As we continue our conversations with this year’s 2009 fbFund winners, we turn from online dating with Frintro to online safety and security solutions with Life360. Life360 is an online platform that allows families to stay in better communication with each other, especially in the event of an emergency, through a collection of apps and widgets. Currently, popular widgets include Emergency Messenger, LifeID, and Lost & Found, with new widgets coming soon, including Collision Detector, Panic, and Curfew 2.0. We recently spoke with Chris Hulls, co-founder and CEO of Life360, about his company’s vision.
Inside Facebook: Chris, what is Life360 in a nutshell?
Chris Hulls: At Life360, we’re building the equivalent of OnStar, but for a family’s every day life. We manage safety and emergency preparedness. There are different products out there, ranging from lost-item to child-tracking services, but they are primarily offered as point services. We make these tools manageable on an iGoogle-style platform that reuses family information (so that users don’t have to register every time they add a service) and can add our safety and security widgets in a couple clicks. We’re building our own set of widgets in-house. There’s a long-term opportunity here to build applications around the family.
What motivated you to innovate in the family safety and security space, and what have been key milestones since then?
I was in the military/air force when I was 17 and liked it until 9/11 changed things for me. I went back to school to study business at Berkeley and came up with idea during Hurricane Katrina. I finished school, went into banking, and then decided to do my own thing after having a cancer scare. When you’re faced with mortality, it changes your outlook on life.
The idea behind Life360 quickly grew much bigger when we won Google’s Android contest and received our first seed funding. If you look at the industry, a lot of the companies acquire users by giving them the impression that if they don’t sign up something terrible will happen. As a site, we’re careful to encourage people to take risks and live life fully, but in responsible ways. This may not work in our interests financially, but it’s a way of life we strongly believe in.
How is Life360’s platform integrating with Facebook?
Facebook gives us better user data and an expanded messaging system. There’s potential to take the Facebook stream and process it in a number of ways. We could turn status updates into a messaging system using 411 or 911 as codes. Our system could then pick up on these status updates and email, call, or text the user’s list of contacts, which are stored in our system. Or, we could use the Facebook stream to create a family feed tool that brings status updates to Life360 without friending mom – via a widget or email digest. Most companies addressing what-if situations don’t have high user retention. We’re trying to change that because there’s a huge potential to make our service applicable for daily life, and Facebook can give us the presence to do that.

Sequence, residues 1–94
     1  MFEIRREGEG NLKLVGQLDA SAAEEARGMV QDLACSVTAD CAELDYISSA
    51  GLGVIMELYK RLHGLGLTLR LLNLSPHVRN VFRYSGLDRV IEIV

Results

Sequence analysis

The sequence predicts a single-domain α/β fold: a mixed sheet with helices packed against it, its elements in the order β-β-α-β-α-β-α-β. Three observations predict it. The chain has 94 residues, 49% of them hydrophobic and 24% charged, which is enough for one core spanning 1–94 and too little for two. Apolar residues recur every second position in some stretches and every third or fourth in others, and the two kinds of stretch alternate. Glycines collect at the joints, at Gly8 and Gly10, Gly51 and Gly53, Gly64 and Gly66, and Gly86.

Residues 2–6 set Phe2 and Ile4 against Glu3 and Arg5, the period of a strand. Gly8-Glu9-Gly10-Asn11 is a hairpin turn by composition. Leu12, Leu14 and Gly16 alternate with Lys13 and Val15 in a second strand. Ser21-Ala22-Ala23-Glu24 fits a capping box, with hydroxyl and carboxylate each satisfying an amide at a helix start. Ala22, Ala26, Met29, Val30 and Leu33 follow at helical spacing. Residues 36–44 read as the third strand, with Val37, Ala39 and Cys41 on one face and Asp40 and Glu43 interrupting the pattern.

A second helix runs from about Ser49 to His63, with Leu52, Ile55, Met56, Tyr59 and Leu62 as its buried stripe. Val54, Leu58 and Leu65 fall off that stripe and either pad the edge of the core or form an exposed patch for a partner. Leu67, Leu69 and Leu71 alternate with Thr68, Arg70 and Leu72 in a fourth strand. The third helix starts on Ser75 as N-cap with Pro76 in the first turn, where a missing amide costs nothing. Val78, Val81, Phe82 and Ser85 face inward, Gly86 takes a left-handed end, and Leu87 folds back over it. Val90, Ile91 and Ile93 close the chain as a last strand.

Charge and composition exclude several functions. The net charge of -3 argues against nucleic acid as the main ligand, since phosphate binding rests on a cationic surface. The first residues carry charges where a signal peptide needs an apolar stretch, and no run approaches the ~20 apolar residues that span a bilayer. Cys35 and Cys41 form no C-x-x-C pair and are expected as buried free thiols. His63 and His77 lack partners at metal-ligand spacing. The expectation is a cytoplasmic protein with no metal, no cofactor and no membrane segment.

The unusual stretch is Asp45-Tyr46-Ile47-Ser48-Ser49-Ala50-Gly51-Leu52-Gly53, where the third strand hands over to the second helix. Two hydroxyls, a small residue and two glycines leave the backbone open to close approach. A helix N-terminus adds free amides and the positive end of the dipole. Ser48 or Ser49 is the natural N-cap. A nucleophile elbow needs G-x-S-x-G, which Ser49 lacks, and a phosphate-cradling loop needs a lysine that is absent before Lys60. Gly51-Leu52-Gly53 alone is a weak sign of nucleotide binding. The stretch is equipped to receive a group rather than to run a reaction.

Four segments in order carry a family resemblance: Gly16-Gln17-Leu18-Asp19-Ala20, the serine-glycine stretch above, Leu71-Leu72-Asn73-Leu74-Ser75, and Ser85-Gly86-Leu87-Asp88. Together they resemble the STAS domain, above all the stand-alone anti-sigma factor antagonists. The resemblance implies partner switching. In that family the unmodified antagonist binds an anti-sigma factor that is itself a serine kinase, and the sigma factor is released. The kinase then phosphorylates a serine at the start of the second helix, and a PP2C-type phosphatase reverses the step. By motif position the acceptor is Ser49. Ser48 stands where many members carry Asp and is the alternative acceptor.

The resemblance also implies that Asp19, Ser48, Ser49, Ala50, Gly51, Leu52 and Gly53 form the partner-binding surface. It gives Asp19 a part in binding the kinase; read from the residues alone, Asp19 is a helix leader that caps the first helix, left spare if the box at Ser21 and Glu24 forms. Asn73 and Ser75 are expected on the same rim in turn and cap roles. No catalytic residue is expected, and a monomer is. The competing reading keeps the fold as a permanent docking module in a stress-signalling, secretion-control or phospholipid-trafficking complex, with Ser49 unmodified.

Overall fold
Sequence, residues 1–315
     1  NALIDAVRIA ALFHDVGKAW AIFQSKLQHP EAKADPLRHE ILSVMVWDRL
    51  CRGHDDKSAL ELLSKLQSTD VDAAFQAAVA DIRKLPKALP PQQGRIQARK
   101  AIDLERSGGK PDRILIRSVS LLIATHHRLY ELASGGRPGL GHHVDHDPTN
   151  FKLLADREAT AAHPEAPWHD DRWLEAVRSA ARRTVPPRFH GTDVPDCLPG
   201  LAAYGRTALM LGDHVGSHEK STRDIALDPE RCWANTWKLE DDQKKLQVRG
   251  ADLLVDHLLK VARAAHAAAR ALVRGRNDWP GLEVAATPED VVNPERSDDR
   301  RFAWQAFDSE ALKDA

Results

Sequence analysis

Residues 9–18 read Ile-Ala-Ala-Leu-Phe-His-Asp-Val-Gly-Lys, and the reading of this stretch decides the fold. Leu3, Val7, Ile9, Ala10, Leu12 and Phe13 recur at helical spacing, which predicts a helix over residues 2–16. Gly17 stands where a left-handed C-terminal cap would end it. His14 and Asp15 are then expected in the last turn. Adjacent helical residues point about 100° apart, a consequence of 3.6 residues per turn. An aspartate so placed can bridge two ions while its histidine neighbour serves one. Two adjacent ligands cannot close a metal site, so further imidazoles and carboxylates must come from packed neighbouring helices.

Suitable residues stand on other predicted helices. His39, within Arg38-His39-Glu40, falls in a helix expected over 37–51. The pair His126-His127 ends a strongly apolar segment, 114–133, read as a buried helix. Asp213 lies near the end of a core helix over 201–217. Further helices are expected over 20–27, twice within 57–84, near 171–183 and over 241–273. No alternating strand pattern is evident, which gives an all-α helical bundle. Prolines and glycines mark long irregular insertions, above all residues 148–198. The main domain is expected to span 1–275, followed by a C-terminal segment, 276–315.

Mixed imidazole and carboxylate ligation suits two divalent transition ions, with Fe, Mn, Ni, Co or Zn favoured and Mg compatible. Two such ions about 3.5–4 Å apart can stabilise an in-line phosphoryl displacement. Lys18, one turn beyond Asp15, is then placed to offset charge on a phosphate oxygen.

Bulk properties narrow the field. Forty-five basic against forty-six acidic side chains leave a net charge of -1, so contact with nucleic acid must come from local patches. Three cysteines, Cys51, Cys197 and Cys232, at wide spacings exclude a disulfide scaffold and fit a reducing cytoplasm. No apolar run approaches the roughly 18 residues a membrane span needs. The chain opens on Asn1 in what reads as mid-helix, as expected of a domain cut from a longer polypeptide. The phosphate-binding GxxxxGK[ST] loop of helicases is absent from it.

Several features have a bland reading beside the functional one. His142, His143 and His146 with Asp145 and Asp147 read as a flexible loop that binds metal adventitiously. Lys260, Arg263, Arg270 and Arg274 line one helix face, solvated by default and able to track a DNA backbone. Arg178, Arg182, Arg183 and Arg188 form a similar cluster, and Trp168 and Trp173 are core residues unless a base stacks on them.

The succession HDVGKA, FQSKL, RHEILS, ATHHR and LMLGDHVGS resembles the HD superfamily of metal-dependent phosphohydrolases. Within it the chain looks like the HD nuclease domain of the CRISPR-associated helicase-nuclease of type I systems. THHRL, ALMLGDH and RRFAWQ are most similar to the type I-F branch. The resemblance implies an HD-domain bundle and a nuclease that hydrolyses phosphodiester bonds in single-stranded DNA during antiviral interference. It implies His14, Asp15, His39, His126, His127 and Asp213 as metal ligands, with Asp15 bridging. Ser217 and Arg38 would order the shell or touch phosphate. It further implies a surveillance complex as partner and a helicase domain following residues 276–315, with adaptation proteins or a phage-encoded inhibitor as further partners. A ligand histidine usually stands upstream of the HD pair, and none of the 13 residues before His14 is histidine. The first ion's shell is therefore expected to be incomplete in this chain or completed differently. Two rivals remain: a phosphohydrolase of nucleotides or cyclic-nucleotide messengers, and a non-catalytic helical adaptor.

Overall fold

Who’s on your team?
I work with my co-founder Dilpreet Singh, who is Life360’s CTO. His background is in Computer Science, and he got his MBA from Berkeley. He’s been an engineer for five to six years now and used to serve as Director of Products at a CRM company. Together, we work with a dedicated group of developers.
What are your plans to stay financially sustainable?
We plan to operate on a subscription-based service and charge per family.
Who’s your target demographic?
Right now, moms with young kids. But there’s a huge demand for services with the aging baby boomers.
What’s Life360’s biggest challenge going forward?
Our biggest competitor is to do nothing. People don’t think of using the web/tech to manage everything to do with what keeps them up at night, the what-ifs. The biggest challenge by far is building awareness. That said, point-of-sale safety and security companies are competitors for now, but we hope to partner with them in the future.